An LGBT rights group has filed a civil rights lawsuit against the state of Kansas for sticking to policy that makes it impossible to change the gender listed on the birth certificate of trans people who now identify as a different sex.
The organization, Lambda Legal, is requesting that the court declare Kansas’ birth certificate “unconstitutional.” The suit claims that Kansas, Ohio and Tennessee are the only three states that refuse to allow the amending of birth certificates to match up with a transgender person’s gender identity.
Despite not allowing the altering of birth certificates, Kansas reportedly does allow the changing of genders status that appears on personal identification documents, such as driver’s licenses.
According to the Kansas City Star, lawyers for the group are convinced that the state’s policy violates the 14th Amendment’s promise of equal protection and due process that should be granted to transgender individuals.
“Let me be clear. A transgender woman is a woman. A transgender man is a man — period,” Omar Gonzalez-Pagan, senior attorney for Lambda Legal, said.
But the city insisted that the law prohibits the altering of biological gender, despite noting that “minor corrections” can be made.
“The Kansas Department of Health and Environment does not have the authority to change an individual’s birth certificate, with the exception of minor corrections or by court order,” explained Theresa Freed, deputy secretary of public affairs for the Kansas Department of Health and Environment. “Gender identity would not be considered a minor correction.”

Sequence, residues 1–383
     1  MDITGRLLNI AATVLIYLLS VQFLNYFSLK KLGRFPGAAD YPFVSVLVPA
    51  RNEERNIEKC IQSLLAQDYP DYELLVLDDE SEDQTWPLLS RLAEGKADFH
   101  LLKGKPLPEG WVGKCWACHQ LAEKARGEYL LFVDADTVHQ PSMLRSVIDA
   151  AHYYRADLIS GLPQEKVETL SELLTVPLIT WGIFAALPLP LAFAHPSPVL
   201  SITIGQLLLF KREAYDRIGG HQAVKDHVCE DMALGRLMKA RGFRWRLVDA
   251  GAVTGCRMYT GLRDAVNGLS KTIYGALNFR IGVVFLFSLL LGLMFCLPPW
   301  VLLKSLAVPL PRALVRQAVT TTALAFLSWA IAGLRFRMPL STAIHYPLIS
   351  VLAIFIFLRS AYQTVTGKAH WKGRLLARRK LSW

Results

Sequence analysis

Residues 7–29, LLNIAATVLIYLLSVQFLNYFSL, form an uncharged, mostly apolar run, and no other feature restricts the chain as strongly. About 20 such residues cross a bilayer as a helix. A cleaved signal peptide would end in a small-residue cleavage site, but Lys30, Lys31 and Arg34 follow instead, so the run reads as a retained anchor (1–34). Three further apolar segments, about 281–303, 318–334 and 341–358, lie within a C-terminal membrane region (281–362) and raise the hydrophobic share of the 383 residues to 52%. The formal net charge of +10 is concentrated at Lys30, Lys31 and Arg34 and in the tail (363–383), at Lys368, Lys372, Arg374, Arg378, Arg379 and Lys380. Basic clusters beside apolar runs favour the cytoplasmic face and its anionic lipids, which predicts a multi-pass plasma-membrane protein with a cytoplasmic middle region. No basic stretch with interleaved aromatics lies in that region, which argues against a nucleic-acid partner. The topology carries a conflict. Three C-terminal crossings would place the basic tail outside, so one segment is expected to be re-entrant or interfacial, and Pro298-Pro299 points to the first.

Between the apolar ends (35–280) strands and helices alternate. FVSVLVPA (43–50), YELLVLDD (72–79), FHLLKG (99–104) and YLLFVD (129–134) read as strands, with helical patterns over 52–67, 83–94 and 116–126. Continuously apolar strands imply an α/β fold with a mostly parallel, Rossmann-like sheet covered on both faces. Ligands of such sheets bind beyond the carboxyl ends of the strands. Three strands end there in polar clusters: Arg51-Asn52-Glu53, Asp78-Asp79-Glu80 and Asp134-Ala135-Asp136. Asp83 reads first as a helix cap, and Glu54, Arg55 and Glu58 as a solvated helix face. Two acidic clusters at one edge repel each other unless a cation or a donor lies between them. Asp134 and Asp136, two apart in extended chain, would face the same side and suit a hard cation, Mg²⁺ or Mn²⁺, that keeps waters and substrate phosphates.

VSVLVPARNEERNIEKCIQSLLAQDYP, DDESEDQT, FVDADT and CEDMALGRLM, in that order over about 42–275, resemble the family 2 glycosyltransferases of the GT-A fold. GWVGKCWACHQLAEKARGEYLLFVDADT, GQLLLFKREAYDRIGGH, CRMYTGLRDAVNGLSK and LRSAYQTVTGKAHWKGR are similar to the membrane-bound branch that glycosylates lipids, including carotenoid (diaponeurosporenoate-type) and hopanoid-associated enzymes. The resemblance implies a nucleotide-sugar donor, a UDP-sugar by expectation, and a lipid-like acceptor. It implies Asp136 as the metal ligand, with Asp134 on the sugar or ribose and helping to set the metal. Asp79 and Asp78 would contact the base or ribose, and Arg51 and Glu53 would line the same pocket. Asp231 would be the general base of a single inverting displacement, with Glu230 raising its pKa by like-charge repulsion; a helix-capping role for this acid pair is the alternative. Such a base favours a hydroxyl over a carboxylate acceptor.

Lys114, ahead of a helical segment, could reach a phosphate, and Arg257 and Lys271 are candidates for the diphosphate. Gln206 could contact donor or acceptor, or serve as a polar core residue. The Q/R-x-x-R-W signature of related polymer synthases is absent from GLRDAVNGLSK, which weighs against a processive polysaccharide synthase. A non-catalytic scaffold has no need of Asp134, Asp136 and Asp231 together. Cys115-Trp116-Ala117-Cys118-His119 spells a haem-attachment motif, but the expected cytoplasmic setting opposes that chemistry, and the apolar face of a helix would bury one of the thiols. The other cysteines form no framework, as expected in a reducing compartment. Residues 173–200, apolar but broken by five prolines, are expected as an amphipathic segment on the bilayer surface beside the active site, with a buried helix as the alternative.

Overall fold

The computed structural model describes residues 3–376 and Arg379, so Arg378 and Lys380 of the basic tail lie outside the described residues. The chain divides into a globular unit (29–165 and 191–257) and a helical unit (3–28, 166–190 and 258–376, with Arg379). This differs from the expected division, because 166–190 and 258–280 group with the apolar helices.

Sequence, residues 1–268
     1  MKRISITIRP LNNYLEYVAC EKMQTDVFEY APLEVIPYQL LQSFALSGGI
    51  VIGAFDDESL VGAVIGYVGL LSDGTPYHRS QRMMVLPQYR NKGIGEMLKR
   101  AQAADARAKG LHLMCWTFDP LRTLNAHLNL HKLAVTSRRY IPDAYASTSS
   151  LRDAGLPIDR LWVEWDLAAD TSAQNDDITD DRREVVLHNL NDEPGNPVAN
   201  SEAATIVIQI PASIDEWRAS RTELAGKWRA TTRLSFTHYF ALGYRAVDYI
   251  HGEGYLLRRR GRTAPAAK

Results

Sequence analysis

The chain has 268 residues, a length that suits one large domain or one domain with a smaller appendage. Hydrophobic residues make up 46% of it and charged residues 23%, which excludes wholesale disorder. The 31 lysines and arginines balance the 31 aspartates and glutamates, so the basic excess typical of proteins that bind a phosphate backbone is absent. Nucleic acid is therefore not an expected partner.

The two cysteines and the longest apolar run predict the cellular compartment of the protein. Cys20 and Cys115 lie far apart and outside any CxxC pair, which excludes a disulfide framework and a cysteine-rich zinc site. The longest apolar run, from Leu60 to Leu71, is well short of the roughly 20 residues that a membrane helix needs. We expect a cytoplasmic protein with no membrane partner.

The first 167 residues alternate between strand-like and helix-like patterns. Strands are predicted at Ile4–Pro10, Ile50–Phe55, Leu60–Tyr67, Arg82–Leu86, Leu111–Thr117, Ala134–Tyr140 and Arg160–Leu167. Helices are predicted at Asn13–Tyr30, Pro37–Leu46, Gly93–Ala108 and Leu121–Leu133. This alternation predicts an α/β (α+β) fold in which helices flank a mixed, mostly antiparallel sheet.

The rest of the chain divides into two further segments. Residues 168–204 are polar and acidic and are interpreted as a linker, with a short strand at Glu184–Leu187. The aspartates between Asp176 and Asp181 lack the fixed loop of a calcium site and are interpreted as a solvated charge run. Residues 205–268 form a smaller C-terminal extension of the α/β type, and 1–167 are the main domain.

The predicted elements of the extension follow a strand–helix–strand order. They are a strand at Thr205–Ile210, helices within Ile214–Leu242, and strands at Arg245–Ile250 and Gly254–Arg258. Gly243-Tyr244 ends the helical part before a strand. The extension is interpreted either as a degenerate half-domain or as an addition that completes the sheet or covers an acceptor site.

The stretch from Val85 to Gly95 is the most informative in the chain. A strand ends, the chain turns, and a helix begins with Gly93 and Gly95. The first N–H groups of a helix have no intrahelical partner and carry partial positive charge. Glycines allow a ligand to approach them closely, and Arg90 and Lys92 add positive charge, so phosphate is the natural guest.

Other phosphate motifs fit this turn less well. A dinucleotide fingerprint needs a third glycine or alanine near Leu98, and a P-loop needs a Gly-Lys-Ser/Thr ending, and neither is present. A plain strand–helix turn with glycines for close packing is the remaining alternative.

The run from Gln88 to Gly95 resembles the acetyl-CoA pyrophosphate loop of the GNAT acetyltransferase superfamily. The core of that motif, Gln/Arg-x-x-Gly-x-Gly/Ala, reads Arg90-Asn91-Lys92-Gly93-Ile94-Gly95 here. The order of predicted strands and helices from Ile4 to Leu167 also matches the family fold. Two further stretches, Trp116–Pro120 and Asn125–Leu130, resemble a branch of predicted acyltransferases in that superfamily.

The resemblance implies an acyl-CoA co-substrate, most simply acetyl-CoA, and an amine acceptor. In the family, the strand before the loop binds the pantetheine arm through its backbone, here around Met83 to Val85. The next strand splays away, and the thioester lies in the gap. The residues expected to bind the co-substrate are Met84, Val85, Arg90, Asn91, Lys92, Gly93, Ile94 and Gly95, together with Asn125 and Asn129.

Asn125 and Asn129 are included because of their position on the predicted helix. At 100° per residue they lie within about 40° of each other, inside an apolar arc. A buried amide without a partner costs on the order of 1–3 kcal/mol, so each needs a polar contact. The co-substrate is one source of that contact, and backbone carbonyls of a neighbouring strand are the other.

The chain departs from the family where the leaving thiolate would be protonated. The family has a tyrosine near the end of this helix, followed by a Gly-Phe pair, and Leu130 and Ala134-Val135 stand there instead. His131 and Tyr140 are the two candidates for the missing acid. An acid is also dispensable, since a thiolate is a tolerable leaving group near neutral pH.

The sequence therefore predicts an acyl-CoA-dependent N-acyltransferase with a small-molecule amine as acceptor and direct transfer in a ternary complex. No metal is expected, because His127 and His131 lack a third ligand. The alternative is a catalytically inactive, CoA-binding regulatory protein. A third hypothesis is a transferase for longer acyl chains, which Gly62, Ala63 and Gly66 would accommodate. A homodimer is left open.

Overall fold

One of the complainants in the case argued that the current rules mean that the state is “forcing them to lie.”
“It is forcing me to carry inconsistent documentation that exposes me to intimidation, prejudice, rejection, humiliation and ultimately violence,” plaintiff Nyla Foster said.
“Put simply, all people need access to a birth certificate that accurately reflects their identity,” the lawsuit declares. “However, transgender people born in Kansas, unlike cisgender people born in Kansas, do not have access to accurate birth certificates.”
Gonzalez-Pagan noted that an accurate birth certificate is a “quintessential identity document that follows a person from birth until death” and which “allows a person to navigate through life.”
Lambda Legal cited a 2015 U.S. Transgender Survey, which they said noted that “almost one-third” of transgender people who presented a birth certificate that was in contradiction to their perceived gender identity were “harassed, denied benefits or services, discriminated against or assaulted.”
(H/T: Kansas City Star)